Magazine article Sunset

San Pedro River: A Rare Year-Round Riparian Area in Arizona

Magazine article Sunset

San Pedro River: A Rare Year-Round Riparian Area in Arizona

Article excerpt

If you're a birder, you know the San Pedro Riparian National Conservation Area; nearly half the species in the Lower 48 have been spotted here. If you're an archaeologist, you know that this may be one of the longest continuously inhabited spots in North America. And if you're a Western history buff, you know this river valley for the legendary figures who have lived here and as the site of the shoot-out at the O.K. Corral.

But if you're anyone else, you might be wondering just what the San Pedro River is. And where.

The where is relatively simple - the San Pedro runs 110 undammed miles from Mexico through a broad valley east of Tucson before reaching its confluence with the Gila River.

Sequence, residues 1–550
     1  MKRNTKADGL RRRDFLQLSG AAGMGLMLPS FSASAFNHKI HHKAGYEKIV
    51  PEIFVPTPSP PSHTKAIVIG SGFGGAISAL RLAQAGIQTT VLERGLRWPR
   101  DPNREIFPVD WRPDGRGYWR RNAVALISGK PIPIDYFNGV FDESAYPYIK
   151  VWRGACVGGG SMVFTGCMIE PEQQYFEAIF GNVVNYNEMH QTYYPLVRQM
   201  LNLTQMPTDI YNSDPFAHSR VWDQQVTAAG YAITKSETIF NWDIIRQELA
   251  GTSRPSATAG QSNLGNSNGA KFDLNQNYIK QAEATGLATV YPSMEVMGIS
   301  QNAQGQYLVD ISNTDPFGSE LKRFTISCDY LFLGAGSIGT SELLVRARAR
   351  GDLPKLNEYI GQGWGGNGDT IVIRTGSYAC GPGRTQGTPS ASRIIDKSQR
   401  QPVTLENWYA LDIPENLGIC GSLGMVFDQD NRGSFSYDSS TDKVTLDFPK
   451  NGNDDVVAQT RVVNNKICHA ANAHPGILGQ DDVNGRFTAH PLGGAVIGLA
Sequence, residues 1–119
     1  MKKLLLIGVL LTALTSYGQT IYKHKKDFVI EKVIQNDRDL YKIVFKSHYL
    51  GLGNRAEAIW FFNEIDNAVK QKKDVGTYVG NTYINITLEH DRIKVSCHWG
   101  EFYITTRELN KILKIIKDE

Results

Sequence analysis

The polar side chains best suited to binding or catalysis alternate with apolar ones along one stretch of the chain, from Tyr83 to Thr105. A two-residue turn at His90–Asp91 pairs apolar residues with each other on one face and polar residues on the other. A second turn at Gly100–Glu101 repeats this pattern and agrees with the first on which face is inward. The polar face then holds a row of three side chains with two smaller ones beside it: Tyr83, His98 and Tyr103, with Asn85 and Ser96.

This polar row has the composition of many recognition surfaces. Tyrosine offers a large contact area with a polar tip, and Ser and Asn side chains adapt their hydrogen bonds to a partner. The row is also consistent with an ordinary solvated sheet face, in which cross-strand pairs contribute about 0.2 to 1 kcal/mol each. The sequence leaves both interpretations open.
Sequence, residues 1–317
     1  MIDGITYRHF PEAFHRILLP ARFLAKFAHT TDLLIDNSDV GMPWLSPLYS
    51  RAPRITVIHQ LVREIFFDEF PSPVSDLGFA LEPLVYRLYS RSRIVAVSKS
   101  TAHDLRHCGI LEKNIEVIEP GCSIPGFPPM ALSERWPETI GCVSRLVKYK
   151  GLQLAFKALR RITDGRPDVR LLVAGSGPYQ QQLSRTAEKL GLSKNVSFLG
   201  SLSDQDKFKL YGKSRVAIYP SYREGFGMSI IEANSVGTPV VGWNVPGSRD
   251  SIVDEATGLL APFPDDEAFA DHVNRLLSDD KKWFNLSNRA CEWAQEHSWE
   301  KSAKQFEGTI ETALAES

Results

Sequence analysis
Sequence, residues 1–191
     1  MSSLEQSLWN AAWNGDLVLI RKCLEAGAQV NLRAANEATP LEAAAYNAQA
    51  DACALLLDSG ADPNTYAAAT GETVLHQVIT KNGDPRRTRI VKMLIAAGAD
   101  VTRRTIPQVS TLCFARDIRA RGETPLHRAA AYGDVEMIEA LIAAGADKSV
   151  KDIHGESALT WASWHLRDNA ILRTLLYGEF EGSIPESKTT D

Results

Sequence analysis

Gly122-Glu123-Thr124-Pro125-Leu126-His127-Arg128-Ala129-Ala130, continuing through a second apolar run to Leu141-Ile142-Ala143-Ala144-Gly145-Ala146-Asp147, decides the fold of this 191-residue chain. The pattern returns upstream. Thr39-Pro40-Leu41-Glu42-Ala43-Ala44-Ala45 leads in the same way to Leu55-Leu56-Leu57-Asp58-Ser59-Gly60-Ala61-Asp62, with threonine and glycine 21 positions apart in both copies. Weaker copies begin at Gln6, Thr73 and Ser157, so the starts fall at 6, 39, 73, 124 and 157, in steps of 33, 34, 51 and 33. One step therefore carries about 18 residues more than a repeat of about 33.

The what is a bit more complicated: oasis, highway, and historical archive. All that on a river whose flow is little more than a trickle in stretches, disappearing underground in some areas.

A river of comparable size in the Pacific Northwest would barely merit comment. But the San Pedro is a rare desert river, as precious as any of the West's seemingly grander places that get enshrined as national parks.

A 40-mile stretch of the San Pedro River, comprising 56,000 acres, is administered by the BLM as a riparian national conservation area, one of the nation's first. This designation affords the San Pedro a high level of protection; grazing, mining, and off-road vehicle activity have either been entirely eliminated or curtailed since 1988.

"The habitat has had surprising resilience," says Bill Childress, a program manager with the BLM. "It rebounded faster than we could have anticipated. This is less than 1 percent of the state, but 80 percent of the state's bird species are found here. …

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